Clarification of Roles on Women in Ministry

General Conference President Elder Ted Wilson has requested that each division president of the 13 world regions, clarify the meaning of the vote taken on Wednesday, July 8, 2015.

North American Division (NAD) President Daniel Jackson would like to make the following statement:

Firstly, we want to acknowledge that we will comply with the vote of the world church.

Secondly, the vote prohibited the 13 world divisions of the church from making their own decisions regarding the consideration and potential implementation of women’s ordination to the gospel ministry.

Thirdly, it is important that we identify what the motion did not do:

It did not disallow women from serving as commissioned church pastors. It did not disallow women to serve as ordained elders in the local church It did not disallow the ordination of deaconesses.

Since the motion did not disallow these things, we therefore continue to encourage those who have been serving in these capacities to continue to do so.

It is vital to understand that the NAD will continue to follow the directions found in the General Conference Working Policy allowing conferences and unions to license women as Commissioned Ministers in Pastoral Ministry.

We will also continue to encourage utilizing the services of women as ordained local elders and deaconesses. The following is a series of policies which are drawn from the Working Policy and that inform our direction:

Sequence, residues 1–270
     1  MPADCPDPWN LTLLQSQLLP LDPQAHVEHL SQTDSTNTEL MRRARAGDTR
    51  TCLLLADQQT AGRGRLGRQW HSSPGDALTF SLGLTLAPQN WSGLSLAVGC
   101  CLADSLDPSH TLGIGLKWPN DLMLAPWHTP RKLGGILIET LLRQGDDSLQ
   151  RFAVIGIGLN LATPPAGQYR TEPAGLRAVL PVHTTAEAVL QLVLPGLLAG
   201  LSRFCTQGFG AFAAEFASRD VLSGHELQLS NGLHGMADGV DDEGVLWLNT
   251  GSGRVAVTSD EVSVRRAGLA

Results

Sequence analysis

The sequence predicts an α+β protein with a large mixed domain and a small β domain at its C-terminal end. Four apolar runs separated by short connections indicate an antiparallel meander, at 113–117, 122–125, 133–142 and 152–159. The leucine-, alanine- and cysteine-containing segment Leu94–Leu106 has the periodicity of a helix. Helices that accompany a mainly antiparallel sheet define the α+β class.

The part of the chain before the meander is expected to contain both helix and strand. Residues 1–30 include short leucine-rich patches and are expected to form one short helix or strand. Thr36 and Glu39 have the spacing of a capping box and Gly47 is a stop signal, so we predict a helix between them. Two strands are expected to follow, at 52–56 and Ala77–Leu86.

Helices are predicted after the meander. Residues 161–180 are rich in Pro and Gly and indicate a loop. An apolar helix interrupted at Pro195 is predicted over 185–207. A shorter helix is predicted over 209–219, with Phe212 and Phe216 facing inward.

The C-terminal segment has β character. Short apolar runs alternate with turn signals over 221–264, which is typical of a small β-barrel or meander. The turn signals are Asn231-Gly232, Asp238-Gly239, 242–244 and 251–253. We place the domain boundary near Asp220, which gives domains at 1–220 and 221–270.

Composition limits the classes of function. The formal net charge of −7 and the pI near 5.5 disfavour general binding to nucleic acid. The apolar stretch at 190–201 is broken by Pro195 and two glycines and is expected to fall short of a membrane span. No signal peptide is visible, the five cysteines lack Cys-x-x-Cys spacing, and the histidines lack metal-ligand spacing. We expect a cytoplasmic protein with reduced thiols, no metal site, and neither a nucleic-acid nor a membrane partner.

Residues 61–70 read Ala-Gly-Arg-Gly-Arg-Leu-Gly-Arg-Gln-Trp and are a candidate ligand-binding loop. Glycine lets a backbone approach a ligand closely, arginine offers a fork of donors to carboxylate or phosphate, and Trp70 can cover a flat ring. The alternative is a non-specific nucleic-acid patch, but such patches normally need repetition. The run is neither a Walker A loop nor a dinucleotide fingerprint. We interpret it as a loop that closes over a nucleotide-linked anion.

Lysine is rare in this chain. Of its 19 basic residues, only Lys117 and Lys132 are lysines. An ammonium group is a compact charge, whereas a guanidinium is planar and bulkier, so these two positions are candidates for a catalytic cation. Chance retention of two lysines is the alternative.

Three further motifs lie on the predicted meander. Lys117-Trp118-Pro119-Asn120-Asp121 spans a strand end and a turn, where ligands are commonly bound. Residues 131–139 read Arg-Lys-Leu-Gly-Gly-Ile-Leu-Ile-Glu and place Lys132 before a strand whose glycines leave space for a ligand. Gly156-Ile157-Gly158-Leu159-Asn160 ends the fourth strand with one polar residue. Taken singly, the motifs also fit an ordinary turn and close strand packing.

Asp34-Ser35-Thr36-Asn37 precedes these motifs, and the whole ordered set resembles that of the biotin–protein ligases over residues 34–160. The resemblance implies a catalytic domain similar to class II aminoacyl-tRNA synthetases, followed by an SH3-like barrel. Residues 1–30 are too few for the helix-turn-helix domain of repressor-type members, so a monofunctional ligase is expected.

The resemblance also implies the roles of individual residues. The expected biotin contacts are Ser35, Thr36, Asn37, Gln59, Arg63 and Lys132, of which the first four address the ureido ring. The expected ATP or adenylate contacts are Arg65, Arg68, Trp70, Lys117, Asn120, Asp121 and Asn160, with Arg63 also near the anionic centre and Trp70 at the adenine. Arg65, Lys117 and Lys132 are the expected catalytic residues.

Church Manual Policy BA 60 05 on Human Relations which states:

The Church rejects any system or philosophy which discriminates against anyone on the basis of race, color, or gender. The Church bases its position on principles clearly enunciated in the Bible, the writings of Ellen G White, and the official pronouncements of the General Conference.”

Church Manual Policy BA 60 10 which states:

The world Church supports nondiscrimination in employment practices and policies and upholds the principle that both men and women, without regard to race and color, shall be given full and equal opportunity within the Church to develop the knowledge and skills needed for the building up of the Church. Positions of service and responsibility (except those requiring ordination to the gospel ministry*) on all levels of church activity shall be open to all on the basis of the individual’s qualifications.”

*The exception clause, and any other statement above, shall not be used to reinterpret the action already taken by the world Church authorizing the ordination of women as local church elders in divisions where the division executive committees have given their approval.

The 1989 General Conference Annual Council vote which allowed for:

Those who have, without regard to gender, been recognized as commissioned ministers or licensed ministers may perform essentially the ministerial functions of an ordained minister of the gospel in the churches to which they are assigned, subject to division authorization of this provision, if the following conditions apply:

“1) The individual has completed approved ministerial training. “2) The individual has been called by a conference to serve in a full-time pastoral-evangelistic-ministerial role. “3) The individual has been elected and ordained as a local church elder.”

North American Division Working Policy L 33 10 which states: